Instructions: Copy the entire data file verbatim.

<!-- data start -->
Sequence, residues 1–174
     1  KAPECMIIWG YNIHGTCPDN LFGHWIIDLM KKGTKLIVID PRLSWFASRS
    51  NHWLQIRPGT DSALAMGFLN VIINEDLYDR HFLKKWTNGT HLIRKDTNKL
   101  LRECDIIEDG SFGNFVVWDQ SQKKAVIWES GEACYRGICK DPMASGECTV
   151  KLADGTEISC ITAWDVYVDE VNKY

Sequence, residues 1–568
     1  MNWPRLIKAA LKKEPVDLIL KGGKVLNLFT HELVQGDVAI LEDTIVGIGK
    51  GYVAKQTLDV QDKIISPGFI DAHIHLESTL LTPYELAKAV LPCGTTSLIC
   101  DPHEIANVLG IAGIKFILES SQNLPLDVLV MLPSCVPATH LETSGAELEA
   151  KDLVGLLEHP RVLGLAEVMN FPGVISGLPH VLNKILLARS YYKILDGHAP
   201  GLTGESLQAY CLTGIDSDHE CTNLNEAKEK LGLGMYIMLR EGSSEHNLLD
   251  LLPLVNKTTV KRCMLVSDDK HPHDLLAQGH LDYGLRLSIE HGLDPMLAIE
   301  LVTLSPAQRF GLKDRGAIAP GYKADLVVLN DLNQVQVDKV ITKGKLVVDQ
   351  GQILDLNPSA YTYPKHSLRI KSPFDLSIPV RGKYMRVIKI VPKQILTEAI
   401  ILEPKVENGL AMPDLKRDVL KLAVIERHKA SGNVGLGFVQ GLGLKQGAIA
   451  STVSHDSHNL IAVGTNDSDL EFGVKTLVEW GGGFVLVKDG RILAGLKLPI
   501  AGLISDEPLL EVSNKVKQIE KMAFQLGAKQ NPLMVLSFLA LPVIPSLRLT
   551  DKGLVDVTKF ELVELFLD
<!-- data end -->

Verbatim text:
Sequence, residues 1–174
     1  KAPECMIIWG YNIHGTCPDN LFGHWIIDLM KKGTKLIVID PRLSWFASRS
    51  NHWLQIRPGT DSALAMGFLN VIINEDLYDR HFLKKWTNGT HLIRKDTNKL
   101  LRECDIIEDG SFGNFVVWDQ SQKKAVIWES GEACYRGICK DPMASGECTV
   151  KLADGTEISC ITAWDVYVDE VNKY

Sequence, residues 1–568
     1  MNWPRLIKAA LKKEPVDLIL KGGKVLNLFT HELVQGDVAI LEDTIVGIGK
    51  GYVAKQTLDV QDKIISPGFI DAHIHLESTL LTPYELAKAV LPCGTTSLIC
   101  DPHEIANVLG IAGIKFILES SQNLPLDVLV MLPSCVPATH LETSGAELEA
   151  KDLVGLLEHP RVLGLAEVMN FPGVISGLPH VLNKILLARS YYKILDGHAP
   201  GLTGESLQAY CLTGIDSDHE CTNLNEAKEK LGLGMYIMLR EGSSEHNLLD
   251  LLPLVNKTTV KRCMLVSDDK HPHDLLAQGH LDYGLRLSIE HGLDPMLAIE
   301  LVTLSPAQRF GLKDRGAIAP GYKADLVVLN DLNQVQVDKV ITKGKLVVDQ
   351  GQILDLNPSA YTYPKHSLRI KSPFDLSIPV RGKYMRVIKI VPKQILTEAI
   401  ILEPKVENGL AMPDLKRDVL KLAVIERHKA SGNVGLGFVQ GLGLKQGAIA
   451  STVSHDSHNL IAVGTNDSDL EFGVKTLVEW GGGFVLVKDG RILAGLKLPI
   501  AGLISDEPLL EVSNKVKQIE KMAFQLGAKQ NPLMVLSFLA LPVIPSLRLT
   551  DKGLVDVTKF ELVELFLD